A Comparison Review of Computer Progressives

March 17, 2021
Ric Peralta, The Optical Jedi

Over the last couple of years I have written about Computer Progressives, discussing some of the different brands with their relative advantages or disadvantages for your given work environment. But I’ve never really done a straight comparison wear for myself. So I felt it critical to address this shortsight on my part. Over the past two months I have take the opportunity to wear two popular brands, both with the same prescription, to give you, my readers, a detailed breakdown on the relative comfort and advantages of these designs. The two lenses I have been wearing are the Essilor Ideal Computer, and the Maui Jim Office.

Essilor Ideal Computer

I began my test of these lenses by getting the latest design from Essilor, the Ideal Computer. My previous article on this lens solution, discussed their original design, the Essilor Computer Lens. Since that time, Essilor developed a newer version of the lens. My contact at Essilor, Pete Hanlin, has explained to me that the overall pattern of the lens power layout hasn’t significantly changed between the original lens and the new Ideal. What has shift is that the lens is a Full Backside design now, versus the original being a frontside design. This shift creates a smoother transition from zone to zone and reduces peripheral blur issues. This change allows for the Ideal Computer to be available in thinner lens materials, and can also be had in Transitions (incuding the new Style Colors reviewed here). As of the time writing this article, I am awaiting an update on the relative comparison to the original Computer lens design from a design expert at Essilor.

What I can say about this lens, is that it is incredibly versatile. If the lens is fit directly on the pupil, as designed, it will give a great width for a computer screen straight in front of your eyes. However, if the pupil height is adjusted (that is to say if the fitting height is moved to be below or above the actual pupil placement) it can change the function of this lens. You see, one of the unique features of this lens is that is not just for the intermediate/computer distance and reading. It also has a full distance vision zone. Given the reality of my work environment, and wishing to be able to wear this lens all day long while assisting patients, I lowered my pupil height by about 3 mm. This opened up the distance vision in ways that frankly surprised me. While this lens is not designed to be used for full regular use (i.e. driving, etc.) I was able to wear these new lenses full time, including while driving with very little detrimental peripheral blur in the distance.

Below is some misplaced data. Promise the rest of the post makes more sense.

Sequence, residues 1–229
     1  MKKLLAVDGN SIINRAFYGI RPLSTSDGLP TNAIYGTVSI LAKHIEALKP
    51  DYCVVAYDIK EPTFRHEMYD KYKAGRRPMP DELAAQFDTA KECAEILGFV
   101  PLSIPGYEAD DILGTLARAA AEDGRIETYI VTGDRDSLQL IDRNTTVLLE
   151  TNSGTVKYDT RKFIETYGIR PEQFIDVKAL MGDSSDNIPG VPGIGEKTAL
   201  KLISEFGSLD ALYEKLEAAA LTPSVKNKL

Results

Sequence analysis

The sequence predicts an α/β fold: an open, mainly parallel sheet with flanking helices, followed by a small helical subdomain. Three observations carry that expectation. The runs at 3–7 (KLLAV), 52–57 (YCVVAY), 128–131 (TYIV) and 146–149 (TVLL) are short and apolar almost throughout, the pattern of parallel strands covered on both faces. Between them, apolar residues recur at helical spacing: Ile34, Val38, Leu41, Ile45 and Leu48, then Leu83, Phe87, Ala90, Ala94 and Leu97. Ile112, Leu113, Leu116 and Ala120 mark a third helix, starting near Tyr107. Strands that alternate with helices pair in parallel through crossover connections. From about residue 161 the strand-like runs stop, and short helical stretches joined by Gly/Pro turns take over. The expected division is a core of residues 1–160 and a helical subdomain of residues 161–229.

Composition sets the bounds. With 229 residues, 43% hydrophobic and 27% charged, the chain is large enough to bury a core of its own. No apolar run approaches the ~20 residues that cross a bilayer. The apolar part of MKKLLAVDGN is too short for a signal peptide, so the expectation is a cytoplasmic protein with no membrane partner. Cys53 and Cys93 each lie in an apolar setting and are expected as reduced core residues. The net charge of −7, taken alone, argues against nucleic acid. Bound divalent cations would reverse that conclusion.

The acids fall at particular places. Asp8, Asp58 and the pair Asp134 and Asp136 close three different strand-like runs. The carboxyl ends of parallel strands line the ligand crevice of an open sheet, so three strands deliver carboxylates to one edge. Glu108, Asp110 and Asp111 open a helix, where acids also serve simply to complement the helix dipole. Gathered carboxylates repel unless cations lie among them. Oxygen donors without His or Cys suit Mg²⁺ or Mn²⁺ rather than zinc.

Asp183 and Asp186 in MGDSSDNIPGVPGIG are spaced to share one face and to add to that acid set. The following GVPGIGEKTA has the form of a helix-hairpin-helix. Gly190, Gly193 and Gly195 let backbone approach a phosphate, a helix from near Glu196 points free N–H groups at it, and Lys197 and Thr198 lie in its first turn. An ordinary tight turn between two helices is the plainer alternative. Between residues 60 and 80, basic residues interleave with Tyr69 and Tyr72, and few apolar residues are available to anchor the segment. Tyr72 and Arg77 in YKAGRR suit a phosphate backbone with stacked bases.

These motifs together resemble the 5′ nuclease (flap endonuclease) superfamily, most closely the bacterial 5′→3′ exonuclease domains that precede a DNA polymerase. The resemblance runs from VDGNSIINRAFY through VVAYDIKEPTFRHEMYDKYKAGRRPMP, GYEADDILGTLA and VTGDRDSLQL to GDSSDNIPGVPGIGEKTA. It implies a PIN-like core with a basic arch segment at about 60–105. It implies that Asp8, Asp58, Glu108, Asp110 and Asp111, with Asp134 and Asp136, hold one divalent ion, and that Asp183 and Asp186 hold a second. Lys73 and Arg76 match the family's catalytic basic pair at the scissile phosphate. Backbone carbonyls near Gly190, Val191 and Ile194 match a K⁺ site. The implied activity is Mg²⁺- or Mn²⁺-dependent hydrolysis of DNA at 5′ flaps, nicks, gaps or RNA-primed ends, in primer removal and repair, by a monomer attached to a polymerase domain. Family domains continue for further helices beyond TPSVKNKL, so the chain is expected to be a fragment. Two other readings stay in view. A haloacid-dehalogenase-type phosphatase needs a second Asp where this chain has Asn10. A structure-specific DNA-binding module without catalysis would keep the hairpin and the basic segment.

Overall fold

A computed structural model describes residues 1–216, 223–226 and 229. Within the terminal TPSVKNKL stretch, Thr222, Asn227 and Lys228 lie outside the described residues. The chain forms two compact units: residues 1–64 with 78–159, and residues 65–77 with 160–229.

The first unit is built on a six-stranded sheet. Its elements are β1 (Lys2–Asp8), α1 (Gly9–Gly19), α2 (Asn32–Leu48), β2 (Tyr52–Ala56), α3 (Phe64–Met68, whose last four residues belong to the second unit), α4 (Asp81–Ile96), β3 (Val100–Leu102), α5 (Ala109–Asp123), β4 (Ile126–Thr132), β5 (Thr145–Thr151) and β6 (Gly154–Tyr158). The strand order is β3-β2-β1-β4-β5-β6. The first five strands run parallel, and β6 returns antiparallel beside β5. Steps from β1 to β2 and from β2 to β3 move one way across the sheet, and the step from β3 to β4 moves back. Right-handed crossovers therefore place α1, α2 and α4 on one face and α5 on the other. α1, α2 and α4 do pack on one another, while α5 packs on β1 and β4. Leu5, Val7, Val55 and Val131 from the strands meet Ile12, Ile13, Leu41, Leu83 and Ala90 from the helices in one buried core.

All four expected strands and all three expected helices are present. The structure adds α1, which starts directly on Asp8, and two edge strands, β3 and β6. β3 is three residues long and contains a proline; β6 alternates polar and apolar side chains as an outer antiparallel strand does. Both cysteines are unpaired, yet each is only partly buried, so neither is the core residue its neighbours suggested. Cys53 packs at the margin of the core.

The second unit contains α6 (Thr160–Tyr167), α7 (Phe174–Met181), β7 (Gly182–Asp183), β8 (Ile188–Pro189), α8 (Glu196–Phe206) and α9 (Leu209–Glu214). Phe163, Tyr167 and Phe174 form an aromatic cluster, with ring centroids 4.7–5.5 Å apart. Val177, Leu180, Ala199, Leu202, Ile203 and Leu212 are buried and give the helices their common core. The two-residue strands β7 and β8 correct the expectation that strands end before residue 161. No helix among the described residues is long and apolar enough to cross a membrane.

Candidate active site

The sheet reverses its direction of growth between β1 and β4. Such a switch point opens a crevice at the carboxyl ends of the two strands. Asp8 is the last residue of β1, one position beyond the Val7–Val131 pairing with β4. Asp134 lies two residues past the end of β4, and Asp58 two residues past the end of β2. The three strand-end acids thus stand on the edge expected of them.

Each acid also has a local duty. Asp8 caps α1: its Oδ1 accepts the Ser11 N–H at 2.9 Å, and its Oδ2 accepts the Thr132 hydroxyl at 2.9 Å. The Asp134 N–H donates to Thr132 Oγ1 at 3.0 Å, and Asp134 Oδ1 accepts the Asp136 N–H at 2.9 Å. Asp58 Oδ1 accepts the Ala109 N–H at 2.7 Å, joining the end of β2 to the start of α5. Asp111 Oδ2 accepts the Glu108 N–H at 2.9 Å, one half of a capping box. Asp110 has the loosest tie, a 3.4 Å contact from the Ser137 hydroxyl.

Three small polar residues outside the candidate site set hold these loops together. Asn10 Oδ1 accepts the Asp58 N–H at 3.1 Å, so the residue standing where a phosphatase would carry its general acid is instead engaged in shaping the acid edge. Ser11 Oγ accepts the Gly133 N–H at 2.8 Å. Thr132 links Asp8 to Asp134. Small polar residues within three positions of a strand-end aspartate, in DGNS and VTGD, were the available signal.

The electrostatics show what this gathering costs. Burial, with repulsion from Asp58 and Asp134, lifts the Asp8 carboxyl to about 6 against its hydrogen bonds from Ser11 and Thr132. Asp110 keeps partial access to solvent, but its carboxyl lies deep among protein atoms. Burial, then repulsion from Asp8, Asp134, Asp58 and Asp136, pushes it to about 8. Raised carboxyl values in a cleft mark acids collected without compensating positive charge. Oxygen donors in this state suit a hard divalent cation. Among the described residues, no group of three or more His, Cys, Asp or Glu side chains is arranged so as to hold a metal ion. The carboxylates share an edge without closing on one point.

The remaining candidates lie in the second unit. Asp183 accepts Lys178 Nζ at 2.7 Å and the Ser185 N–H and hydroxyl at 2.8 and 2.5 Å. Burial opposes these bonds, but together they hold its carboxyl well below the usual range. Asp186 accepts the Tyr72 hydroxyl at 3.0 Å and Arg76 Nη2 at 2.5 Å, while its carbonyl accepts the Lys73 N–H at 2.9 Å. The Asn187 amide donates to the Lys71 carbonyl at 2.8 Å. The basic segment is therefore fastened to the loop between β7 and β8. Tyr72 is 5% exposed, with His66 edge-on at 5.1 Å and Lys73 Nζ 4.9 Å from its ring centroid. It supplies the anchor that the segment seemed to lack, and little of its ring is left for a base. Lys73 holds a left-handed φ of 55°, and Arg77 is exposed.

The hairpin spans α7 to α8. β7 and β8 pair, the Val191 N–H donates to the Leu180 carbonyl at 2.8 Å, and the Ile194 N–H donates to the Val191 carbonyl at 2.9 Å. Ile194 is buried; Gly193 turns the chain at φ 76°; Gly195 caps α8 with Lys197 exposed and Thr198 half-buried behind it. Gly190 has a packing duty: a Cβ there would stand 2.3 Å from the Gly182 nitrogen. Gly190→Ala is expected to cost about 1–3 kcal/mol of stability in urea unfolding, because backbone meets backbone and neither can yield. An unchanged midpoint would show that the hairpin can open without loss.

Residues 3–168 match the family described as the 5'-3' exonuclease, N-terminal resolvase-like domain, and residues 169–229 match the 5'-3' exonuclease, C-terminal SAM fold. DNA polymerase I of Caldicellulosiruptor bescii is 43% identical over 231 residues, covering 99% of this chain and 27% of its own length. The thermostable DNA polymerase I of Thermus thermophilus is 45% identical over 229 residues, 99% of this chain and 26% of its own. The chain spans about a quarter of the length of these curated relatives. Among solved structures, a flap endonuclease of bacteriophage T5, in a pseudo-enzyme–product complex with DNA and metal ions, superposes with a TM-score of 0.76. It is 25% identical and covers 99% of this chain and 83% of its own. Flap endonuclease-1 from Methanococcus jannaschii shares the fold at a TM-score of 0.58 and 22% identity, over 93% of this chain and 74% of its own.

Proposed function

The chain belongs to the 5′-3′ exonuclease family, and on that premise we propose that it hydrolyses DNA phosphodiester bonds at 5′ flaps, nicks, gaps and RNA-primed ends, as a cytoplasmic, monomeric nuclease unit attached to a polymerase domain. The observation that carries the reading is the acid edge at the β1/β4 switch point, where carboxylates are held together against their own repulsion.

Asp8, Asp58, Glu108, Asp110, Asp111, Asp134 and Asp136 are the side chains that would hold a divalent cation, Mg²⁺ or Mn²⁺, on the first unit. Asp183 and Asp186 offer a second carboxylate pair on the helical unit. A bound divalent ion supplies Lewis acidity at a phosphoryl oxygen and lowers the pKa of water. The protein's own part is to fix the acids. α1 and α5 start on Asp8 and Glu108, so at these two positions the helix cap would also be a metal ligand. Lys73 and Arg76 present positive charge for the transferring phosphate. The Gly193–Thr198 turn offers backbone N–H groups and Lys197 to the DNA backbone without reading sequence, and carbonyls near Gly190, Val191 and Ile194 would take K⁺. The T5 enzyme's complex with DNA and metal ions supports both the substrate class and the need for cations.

So, to digress a touch, the design concept for the Essilor Ideal Computer is that you have a narrow-width distance zone at the very top of the lens. This space was designed to be “hallway width” so you can get up from your desk without removing your glasses and will still be able to see. Then the primary zone in the middle of the lens is for that intermediate/computer distance. This is the widest part of the lens experience. With a slightly smaller reading zone at the bottom. As discussed in my previous article on progressive lenses, anytime you are wearing a “no-line” lens there are inherent blurry zones. the various lens technologies from the major lens companies are designed to minimize this as much as possible, partly driven by prescription and/or lifestyle of wearer.

My experience with this lens after wearing it frequently over the past couple of months was frankly surprising to me. I can effectively wear the lens full-time, all day long, with little noticeable difficulty with peripheral distance blur. The computer zone, as I designed this fit, works very well for me in my work environment, where my computer screen is closer than average (typical fit is at arms length away). As well, the reading/near zone is very comfortable to use at a normal reading distance with no blurriness or discomfort.

Now, for the drawback. Unfortunately, many of the insurance companies, in their infinite wisdom, have not added this lens to their formularies. This means, if you wish or need to wear this lens, you will have to pay out of pocket usual and customary prices. There have been recent battles between insurance companies and lens manufacturers. One insurance company in particular has lenses they make for themselves and they are now trying to force eyecare providers into fitting patients in those lenses (which in my experience are VASTLY inferior for most patients). They do this by either removing the competitor’s products from their formularies, or by setting up reimbursements to the doctor’s office to such an extent they literally lose money by fitting the proper lens solution.

Maui Jim Office Lens

For my second computer progressive lens, I chose to be fit into the Maui Jim Office Lens. All of the Maui Jim lens solutions require that they only be fit into Maui Jim frames. The Maui Jim Ophthalmic lens designs have solutions for almost every frame style desired. But their frames will be required to wear this lens technology. The lens documentation from Maui Jim indicates that this lens is a more traditional computer lens design. In other words, this lens is supposed to give roughly the top half of the lens for computer/intermediate distance, and the bottom half for near/reading. I fit my measurements accordingly. I did not adjust the pupil height measurement when fitting this lens.